Now that I’ve said all that, let me go in the opposite direction and say what a good decision it was to record the old Steven Foster song “My Old Kentucky Home.” This song sent them to Ireland as Ambassadors of the great state of Kentucky and they were made Kentucky Colonels by Governor Steve Beshear. All that aside, they have recorded a one of a kind and perfectly original take on this standard that everyone knows. They have made it their own because there is no definitive version that stands out, or one that it can be compared to. It falls into the same category as The Star Spangled Banner. As long as it’s done well, it’s accepted and enjoyed by the audience. This is an especially good, well arranged and personalized rendition of an American classic, and the band will get a lot of mileage out of it.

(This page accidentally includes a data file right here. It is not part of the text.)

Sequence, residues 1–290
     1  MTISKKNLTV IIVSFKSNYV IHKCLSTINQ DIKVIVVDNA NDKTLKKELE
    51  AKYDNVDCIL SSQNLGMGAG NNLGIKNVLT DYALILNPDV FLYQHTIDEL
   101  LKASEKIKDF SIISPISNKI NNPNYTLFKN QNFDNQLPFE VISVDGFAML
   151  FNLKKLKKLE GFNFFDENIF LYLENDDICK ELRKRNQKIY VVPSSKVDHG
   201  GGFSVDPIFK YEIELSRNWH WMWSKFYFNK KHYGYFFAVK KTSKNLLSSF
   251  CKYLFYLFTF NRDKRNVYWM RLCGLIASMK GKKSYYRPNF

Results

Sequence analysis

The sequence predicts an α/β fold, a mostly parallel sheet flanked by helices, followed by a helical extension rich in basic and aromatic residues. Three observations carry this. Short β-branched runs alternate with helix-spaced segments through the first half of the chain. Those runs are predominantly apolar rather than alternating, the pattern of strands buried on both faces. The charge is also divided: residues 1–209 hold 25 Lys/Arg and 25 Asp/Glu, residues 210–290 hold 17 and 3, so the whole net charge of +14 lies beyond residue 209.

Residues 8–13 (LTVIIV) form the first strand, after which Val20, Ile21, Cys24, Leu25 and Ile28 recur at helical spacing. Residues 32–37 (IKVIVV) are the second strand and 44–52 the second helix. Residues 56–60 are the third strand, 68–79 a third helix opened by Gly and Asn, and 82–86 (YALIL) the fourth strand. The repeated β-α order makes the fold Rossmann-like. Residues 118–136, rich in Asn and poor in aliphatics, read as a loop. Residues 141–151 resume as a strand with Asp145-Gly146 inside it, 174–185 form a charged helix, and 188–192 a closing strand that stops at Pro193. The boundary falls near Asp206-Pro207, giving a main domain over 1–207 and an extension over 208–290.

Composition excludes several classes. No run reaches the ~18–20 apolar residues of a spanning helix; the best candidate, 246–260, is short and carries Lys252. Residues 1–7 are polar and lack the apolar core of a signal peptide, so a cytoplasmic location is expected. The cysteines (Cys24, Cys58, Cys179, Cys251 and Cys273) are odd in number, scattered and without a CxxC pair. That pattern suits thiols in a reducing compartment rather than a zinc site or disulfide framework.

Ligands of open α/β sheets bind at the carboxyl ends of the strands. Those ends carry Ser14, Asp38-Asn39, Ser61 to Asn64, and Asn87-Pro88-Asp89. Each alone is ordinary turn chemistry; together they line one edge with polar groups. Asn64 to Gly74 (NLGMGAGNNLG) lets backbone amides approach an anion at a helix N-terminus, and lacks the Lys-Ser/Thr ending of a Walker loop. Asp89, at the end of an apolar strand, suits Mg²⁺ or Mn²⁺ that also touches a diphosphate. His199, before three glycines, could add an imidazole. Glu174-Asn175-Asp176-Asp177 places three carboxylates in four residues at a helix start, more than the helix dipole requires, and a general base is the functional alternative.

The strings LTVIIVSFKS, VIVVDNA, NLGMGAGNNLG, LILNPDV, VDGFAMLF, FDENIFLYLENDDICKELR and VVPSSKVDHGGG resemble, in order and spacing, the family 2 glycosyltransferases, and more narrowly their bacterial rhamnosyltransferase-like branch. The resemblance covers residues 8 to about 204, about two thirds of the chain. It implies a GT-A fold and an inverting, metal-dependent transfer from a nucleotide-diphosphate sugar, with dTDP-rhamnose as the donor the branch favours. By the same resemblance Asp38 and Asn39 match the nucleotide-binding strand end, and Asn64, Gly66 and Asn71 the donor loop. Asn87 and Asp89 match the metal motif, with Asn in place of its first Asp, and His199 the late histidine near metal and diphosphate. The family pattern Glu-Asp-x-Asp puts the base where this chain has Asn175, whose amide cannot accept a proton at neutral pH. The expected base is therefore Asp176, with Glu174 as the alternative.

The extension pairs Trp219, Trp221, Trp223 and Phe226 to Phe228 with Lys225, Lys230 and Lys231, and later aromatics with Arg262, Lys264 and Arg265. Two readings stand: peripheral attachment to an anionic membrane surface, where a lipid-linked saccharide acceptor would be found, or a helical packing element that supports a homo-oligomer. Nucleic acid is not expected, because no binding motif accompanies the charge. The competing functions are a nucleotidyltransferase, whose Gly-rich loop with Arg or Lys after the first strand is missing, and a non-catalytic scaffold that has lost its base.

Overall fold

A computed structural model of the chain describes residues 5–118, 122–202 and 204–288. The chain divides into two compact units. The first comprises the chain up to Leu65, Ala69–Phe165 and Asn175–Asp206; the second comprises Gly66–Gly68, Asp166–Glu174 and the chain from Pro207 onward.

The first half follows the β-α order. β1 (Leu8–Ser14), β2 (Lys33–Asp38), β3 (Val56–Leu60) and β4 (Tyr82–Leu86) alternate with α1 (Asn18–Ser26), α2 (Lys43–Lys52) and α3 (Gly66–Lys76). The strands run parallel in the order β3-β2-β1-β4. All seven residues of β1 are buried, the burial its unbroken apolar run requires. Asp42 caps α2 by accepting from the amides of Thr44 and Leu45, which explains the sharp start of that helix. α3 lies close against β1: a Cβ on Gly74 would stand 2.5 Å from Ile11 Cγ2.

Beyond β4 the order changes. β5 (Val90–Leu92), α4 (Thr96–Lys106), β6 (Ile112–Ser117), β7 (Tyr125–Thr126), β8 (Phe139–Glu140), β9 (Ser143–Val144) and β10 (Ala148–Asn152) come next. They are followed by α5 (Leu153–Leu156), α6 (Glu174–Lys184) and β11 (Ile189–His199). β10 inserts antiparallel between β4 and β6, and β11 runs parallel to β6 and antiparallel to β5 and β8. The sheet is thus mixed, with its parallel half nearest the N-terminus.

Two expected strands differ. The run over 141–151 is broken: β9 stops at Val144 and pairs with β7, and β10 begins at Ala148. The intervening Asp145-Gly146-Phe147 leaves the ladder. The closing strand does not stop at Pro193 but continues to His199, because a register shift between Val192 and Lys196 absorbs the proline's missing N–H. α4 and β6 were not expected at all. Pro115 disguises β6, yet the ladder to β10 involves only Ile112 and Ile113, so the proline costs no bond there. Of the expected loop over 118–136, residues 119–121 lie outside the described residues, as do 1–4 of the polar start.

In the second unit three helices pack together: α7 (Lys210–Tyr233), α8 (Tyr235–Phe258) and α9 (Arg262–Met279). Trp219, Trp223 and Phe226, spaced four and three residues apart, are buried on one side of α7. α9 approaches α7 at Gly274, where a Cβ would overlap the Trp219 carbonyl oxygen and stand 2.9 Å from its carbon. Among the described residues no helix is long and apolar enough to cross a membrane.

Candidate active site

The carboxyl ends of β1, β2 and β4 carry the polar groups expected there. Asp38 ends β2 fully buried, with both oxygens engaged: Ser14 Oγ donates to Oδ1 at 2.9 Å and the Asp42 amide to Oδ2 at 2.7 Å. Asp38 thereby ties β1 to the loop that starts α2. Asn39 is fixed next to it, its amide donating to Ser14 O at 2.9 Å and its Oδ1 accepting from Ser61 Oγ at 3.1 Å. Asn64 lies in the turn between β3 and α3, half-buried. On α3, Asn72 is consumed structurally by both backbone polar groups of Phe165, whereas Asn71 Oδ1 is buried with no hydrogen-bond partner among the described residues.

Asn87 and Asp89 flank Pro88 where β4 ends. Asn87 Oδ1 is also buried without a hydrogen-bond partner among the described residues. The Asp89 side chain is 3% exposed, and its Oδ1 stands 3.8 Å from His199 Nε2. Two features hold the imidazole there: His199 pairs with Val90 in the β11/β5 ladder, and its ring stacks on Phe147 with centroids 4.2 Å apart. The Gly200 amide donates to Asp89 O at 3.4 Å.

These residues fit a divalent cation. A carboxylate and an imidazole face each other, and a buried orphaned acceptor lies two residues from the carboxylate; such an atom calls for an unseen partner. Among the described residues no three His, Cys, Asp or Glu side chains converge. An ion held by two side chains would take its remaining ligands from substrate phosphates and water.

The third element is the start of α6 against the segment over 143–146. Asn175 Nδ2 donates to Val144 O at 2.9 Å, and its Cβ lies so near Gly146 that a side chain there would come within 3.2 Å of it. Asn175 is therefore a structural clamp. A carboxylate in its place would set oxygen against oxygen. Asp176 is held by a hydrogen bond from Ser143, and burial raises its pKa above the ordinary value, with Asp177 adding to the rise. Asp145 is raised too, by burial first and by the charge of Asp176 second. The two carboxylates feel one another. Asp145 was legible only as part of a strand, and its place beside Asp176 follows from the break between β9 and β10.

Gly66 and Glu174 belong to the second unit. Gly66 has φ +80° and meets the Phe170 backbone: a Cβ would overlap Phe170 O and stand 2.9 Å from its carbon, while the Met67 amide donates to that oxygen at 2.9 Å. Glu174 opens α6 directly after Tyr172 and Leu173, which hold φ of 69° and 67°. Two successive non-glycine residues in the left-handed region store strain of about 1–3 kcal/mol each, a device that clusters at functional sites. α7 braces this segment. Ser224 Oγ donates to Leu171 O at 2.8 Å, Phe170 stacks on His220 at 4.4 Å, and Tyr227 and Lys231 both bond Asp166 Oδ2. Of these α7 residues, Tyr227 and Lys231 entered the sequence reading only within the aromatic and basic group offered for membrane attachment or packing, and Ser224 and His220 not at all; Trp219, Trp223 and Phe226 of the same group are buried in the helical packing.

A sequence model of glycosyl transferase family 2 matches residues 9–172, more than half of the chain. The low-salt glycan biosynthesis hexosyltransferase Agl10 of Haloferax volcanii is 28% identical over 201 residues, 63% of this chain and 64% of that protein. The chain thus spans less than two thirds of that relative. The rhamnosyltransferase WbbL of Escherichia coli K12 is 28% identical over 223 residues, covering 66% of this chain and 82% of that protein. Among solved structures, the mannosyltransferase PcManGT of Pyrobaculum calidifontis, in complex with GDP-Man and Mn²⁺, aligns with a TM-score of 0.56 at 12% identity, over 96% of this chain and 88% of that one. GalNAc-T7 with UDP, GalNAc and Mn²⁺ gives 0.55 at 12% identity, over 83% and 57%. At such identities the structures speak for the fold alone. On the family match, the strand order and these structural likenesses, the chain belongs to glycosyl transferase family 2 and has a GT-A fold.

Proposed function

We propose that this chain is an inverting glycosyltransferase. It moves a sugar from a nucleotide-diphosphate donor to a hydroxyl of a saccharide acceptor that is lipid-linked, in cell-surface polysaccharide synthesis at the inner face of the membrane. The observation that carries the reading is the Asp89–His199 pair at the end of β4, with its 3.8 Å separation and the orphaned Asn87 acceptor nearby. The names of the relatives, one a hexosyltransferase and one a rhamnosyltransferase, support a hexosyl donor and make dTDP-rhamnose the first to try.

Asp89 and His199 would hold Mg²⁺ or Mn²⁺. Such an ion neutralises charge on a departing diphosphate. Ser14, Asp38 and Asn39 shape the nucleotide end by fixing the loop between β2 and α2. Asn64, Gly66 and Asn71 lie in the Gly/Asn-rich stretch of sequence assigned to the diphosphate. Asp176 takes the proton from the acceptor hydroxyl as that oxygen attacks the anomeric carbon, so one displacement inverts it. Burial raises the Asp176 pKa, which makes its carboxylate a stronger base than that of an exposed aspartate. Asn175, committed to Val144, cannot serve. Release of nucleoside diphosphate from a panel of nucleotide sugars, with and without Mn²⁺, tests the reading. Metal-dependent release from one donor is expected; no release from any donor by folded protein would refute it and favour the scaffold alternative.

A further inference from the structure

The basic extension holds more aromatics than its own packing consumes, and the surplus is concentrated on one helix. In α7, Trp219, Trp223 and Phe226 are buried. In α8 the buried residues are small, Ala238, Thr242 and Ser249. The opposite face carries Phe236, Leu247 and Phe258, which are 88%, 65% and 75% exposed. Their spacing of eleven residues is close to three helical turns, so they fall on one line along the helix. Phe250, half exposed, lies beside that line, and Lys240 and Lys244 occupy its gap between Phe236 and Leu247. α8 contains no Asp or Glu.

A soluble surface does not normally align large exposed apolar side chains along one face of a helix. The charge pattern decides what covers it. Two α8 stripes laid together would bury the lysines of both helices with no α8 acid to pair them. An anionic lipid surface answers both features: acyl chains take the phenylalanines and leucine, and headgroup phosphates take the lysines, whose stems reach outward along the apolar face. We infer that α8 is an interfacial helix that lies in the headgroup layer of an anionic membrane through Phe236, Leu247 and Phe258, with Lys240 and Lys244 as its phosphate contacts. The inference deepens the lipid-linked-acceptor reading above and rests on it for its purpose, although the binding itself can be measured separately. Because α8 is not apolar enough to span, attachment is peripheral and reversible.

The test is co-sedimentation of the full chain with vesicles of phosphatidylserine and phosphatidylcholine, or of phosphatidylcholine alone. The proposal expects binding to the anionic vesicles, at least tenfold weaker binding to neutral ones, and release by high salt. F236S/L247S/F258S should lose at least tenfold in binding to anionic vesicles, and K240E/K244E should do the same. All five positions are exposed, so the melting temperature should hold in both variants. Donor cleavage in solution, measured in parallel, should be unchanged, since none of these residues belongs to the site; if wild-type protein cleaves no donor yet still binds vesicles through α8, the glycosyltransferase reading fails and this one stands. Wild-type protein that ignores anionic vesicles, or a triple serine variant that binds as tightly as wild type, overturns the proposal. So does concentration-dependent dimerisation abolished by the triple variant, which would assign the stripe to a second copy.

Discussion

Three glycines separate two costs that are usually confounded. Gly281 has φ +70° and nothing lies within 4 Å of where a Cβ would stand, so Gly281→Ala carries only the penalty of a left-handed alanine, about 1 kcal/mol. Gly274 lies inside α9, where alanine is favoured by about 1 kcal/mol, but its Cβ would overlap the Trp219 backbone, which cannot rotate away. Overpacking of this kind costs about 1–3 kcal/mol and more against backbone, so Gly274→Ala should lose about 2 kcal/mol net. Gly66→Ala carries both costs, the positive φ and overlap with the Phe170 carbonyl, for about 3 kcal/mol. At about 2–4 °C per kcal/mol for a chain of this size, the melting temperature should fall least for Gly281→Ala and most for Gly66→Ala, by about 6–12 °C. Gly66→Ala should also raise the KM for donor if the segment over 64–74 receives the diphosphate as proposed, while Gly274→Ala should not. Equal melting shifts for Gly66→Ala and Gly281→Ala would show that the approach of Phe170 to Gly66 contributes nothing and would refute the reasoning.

There are two songs written by Bobby Hedge. Bobby, who lives in Olive Hill, Kentucky is an old friend of the band by way of his close friendship to the late Grandfather of Taylor Hampton, the mandolin player. The two best old friends played in bluegrass bands together until Taylor’s Grandfather was killed in a saw mill accident several years back. What a wonderful tribute from The Velvet Blue to the formative generation that came before them, and what wonderful gifts these two songs are to this second generation of bluegrass players. I would love to hear more of Mr. Hedge’s songs.